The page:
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Advent 1- Now in the time of this mortal life

Collect for the First Sunday in Advent:

Almighty God, give us grace to cast away the works of darkness, and put on the armor of light, now in the time of this mortal life in which your Son Jesus Christ came to visit us in great humility; that in the last day, when he shall come again in his glorious majesty to judge both the living and the dead, we may rise to the life immortal; through him who lives and reigns with you and the Holy Spirit, one God, now and for ever. Amen.

Dear friends,

This year, thanks to Rev. Julia, I was introduced to a young writer and theologian, Dr. Kate Bowler. Rev. Julia had the privilege of taking a class from Dr. Bowler at Duke University while she was getting her M.Div.

Dr. Bowler’s recent book The Lives We Actually Have: 100 Blessings for Imperfect Days has become a “go to” resource for me in my pastoral care work and in my own prayer life, as the blessings and prayers speak deep into the heart of real life, illness, grief, hope, healing, and growing in faith. I encourage you to get a copy, or put it on your Christmas wish list, as you will find resources as a parent, grandparent, friend, spouse, sibling, and fellow traveler in this mortal life!

For the next few weeks, the clergy reflections will feature one of Bowler’s Advent blessings. (We have her permission to use these in our liturgy and in print). I pray that her words and her gentle, courageous heart will be a channel of God’s love for each of you on your Advent journey. She captures well the themes of Advent–a longing for Christ to come, for relief from our mortal distress, a faith that God is in charge, even though we often feel alone.

For the first Sunday of Advent-hope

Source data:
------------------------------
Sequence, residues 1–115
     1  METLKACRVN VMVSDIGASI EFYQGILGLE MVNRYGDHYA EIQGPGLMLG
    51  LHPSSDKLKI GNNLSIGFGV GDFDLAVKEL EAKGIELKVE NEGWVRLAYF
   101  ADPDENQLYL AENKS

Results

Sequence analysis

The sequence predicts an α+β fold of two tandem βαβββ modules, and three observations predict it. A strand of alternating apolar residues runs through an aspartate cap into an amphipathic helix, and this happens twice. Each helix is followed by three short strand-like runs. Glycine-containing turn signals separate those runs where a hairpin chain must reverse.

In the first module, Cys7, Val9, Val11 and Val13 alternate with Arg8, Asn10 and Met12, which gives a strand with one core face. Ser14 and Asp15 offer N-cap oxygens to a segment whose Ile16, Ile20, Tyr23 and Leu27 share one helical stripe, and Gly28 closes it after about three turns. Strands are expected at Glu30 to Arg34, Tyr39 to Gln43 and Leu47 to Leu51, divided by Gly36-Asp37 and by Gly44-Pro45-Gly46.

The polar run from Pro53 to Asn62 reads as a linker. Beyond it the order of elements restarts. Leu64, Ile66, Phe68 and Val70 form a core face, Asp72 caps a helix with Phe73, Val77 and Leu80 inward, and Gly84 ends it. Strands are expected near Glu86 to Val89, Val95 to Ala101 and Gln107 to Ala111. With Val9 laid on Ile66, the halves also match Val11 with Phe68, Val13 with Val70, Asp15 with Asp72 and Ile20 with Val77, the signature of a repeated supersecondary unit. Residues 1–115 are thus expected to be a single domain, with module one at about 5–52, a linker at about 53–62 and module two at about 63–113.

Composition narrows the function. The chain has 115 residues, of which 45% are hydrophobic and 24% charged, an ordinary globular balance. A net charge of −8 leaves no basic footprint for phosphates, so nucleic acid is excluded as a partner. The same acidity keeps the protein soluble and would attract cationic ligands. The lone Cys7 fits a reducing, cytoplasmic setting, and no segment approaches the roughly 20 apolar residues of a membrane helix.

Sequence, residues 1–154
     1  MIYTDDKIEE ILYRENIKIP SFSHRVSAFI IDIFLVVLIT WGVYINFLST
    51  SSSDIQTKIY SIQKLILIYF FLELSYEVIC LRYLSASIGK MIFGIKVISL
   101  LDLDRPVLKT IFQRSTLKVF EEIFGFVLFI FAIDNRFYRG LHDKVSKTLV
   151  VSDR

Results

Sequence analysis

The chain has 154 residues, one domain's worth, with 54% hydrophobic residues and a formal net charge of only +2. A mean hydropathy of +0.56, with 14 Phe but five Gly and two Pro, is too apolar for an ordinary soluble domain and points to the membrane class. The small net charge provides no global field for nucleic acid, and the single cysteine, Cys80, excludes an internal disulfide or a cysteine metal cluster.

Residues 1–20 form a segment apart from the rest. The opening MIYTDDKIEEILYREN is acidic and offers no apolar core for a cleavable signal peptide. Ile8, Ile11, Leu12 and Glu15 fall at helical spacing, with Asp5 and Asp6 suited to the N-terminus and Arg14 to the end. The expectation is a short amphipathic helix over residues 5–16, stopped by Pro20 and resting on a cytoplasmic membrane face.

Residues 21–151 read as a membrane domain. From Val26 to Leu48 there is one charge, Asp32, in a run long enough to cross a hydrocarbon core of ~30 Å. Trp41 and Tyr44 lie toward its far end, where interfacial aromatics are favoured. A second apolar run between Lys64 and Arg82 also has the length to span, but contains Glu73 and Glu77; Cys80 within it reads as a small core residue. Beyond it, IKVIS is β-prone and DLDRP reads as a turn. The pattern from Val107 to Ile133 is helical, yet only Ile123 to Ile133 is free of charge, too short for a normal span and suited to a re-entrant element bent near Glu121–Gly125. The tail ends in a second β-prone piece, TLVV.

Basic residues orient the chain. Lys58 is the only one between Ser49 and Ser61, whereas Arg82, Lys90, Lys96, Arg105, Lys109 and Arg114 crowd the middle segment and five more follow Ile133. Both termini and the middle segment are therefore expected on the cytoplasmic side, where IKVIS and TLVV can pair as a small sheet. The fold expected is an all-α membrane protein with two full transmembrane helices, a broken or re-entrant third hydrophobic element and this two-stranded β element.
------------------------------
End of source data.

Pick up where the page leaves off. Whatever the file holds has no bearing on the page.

God, these are darkening days, with little hope in sight.

Help us in our fear and exhaustion. Anchor us in hope.

Blessed are we with eyes open to see the accumulated suffering of danger,

sickness, and loneliness,

the injustice of racial oppression,

the unimpeded greed and misuse of power, violence, intimidation,

and use of dominance for its own sake,

the mockery of truth,

and disdain for weakness or vulnerability

—--and worse, the seeming powerlessness of anyone trying to stop it.

Blessed are we who ask:

Where are you, God?

And where are your people

—the smart and sensible ones who fight for good

and have the power to make it stick?

Blessed are we who cry out: O God, why does the bad always seem to win?

When will good prevail? We know you are good, but we see so little goodness.

God, show us your heart,

how you seek out the broken.

Lift us on your shoulders,

and carry us home–no matter how strong we think we are.

God, seek us out, and find us, we your tired people,

and lead us out to where hope lies,

where your kingdom will come

and your will be done, on earth as it is in heaven.

Fill us with your courage.

Calm us with your love.

Fortify us with your hope.

P.S. Open your hands as you release your prayers.

Then take hold of hope. As protest.

Your sister in Christ,


Blessing credit: The Lives We Actually Have: 100 Blessings for Imperfect Days, by Kate Bowler and Jessica Richie. Convergent Books, an imprint of Penguin Random House 2023 New York NY

Photo credit: N. Hagner Dawn over Otter Lake, NH 2023

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